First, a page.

I’ve always been fascinated by those who DIY (Do It Yourself). Here in Maine I’ve found an abundance of folks who really know how to make useful things from the scraps of life. Last month, I met Barbara Cleveland, age 71, in Belfast. She told me her story of moving to Maine, making a life here during the back-to-the-land movement, and building a cabin for only $97.
In 1971, Barbara had recently moved to New York City. She was selling bags of raisins and nuts, what we now call “trail mix,” out of a shopping cart to movie-goers, and having trouble finding housing.
I was sort of at loose ends about what to do. My friend Ruth was headed up north to Maine, and I had another friend living in Chicago. So one night, I left my nuts and raisins at the commune that I was staying at and went to Port Authority. I said to myself, “I’m either going to Chicago or to Maine on the next bus.” There was a bus at 2:15 am to Bangor, Maine. I got on the bus and I arrived the next morning with my backpack and I hitchhiked down to my friend Ruth’s house. That was the beginning of my adventure.
By 1973, I was still here in Maine and I decided it was time that I build a cabin. A fishermen friend helped me to gather recycled lumber. I scrounged the dumps. He scrounged around some hunting cabins that were falling down. We straighten nails. If I found a board that was even a foot long, I would use it. I only needed to buy insulation. I spent $97 dollars on the whole cabin. It took about a year to build it.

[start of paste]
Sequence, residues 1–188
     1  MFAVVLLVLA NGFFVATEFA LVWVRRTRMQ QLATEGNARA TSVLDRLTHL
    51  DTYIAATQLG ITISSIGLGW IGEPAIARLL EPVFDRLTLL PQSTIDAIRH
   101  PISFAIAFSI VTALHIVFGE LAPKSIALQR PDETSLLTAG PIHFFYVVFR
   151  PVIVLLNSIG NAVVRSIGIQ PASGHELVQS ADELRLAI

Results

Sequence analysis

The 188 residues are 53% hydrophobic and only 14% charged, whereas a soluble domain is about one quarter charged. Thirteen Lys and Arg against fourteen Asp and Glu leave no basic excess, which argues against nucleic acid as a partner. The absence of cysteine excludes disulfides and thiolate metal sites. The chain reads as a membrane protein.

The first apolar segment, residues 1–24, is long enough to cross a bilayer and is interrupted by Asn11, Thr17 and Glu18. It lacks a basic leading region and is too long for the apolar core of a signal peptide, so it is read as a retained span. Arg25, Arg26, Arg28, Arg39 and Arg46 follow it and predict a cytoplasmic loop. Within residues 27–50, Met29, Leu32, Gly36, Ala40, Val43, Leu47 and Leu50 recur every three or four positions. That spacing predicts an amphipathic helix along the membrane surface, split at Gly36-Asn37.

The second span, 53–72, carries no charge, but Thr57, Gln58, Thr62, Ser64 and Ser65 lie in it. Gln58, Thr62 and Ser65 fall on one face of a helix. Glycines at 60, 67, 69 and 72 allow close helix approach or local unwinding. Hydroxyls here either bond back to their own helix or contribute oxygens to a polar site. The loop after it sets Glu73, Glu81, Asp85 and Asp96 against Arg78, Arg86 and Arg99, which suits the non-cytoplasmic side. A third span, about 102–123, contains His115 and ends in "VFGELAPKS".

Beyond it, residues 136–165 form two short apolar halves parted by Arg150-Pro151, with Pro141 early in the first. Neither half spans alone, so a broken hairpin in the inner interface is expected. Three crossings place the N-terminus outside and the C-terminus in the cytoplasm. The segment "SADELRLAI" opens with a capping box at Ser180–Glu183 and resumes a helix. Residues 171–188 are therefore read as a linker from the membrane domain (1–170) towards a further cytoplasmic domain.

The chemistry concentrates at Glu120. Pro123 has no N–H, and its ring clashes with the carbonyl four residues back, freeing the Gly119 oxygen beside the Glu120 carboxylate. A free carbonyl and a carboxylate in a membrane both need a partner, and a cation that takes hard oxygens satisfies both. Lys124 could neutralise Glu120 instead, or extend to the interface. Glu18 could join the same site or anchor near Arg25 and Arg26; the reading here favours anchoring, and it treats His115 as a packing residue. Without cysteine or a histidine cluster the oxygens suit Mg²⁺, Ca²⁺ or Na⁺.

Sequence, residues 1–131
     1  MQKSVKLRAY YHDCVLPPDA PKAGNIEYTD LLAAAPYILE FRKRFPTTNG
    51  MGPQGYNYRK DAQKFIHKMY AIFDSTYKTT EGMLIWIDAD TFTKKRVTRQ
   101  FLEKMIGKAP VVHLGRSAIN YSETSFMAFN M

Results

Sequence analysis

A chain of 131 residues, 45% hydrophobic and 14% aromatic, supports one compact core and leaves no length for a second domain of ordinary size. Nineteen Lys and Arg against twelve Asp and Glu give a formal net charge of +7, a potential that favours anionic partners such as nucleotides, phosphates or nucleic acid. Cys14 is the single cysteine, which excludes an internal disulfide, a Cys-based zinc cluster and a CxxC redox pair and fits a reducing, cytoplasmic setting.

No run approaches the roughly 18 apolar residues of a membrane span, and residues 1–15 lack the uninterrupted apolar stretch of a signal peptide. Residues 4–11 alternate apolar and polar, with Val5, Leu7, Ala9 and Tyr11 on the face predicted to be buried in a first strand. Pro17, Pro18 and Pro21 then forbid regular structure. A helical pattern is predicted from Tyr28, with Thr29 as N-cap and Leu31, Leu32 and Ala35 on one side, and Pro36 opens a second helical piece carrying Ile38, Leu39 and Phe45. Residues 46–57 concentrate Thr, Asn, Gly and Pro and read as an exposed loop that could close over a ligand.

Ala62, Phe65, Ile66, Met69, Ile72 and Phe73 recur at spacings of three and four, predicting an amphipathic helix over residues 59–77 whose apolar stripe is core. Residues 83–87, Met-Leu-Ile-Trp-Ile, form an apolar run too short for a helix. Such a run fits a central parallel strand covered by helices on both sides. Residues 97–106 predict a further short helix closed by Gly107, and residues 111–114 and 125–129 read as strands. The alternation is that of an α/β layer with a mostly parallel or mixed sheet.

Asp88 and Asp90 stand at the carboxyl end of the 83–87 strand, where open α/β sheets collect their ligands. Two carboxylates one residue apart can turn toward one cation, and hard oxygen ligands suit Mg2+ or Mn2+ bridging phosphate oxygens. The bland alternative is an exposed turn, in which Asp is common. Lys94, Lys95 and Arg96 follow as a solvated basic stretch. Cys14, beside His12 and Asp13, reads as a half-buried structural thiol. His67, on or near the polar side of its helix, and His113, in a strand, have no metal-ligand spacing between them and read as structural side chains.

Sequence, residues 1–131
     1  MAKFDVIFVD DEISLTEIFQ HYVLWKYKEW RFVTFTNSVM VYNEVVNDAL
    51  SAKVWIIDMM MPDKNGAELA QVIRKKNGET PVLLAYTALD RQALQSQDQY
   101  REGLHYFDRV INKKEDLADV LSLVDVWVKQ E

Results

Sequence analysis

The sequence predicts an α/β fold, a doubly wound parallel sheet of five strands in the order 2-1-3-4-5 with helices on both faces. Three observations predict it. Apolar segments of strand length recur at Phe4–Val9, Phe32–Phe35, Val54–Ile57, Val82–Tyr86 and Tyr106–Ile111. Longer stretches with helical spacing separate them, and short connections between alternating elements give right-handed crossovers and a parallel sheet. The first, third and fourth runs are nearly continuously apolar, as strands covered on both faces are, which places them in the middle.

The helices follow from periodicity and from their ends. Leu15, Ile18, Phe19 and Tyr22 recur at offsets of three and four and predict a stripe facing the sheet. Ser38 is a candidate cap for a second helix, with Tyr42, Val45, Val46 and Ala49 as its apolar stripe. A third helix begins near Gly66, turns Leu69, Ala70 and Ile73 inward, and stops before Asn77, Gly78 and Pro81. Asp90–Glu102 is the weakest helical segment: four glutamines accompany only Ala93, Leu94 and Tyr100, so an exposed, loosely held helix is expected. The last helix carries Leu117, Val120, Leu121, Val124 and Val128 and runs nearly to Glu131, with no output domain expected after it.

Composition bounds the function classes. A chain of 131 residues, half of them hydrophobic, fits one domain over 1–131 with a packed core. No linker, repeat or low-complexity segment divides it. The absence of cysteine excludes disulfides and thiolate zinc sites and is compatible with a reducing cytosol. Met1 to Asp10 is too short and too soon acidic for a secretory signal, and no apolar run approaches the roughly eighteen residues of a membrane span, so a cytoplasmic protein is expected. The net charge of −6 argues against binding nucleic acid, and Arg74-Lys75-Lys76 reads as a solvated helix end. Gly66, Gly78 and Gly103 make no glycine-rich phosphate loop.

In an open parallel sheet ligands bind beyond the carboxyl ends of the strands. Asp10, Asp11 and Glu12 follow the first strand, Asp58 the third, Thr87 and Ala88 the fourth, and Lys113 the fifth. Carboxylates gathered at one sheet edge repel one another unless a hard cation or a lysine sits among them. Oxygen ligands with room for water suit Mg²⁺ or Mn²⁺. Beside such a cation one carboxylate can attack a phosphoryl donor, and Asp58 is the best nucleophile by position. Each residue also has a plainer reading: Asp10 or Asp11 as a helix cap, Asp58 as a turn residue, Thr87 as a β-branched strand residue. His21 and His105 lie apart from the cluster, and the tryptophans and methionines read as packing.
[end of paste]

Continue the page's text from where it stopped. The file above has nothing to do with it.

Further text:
It was almost like an A-frame roof, with a loft upstairs. It was 18x20. I had an old wood stove. It was freezing in the winter. I would chop wood and it was still cold. I’m too old now to do that. I was young then.
I was down in the woods, and little nervous being down there alone because some of the neighbor boys told me that they’re gonna pound on the door and scare me at night. So, I borrowed my friend’s gun with buckshot, and their dog. I was gonna shoot birdshot into the air, but they never came. I got rid of the gun.
I sold that cabin for $8,000 dollars, (laughing) which I thought was a lot at the time. I wish I had that cabin back now. I could afford to live here. That was the only house I had. I miss it.
I’ll be reading stories like Barbara’s – DIY lives: a history of farming, fishing, and forestry in Maine – at the Common Ground Fair on Saturday, September 26 at 2 pm in the new Russell Poetry Grove. No better place to hear accounts of DIY Mainers than Common Ground. Come have a listen if you like that kind of stuff.
Barbara shared this story with me during a Mini-Memoir event in Belfast. Interested in recording your mini-memoir for free? There are two more Mini-Memoir events happening soon: This Saturday, September 12 at the Midcoast Mini-Maker Faire in Camden, and next Wednesday, September 16 at the Skidompha Library in Damariscotta.
Do you have a DIY story? Write about it in the comment section.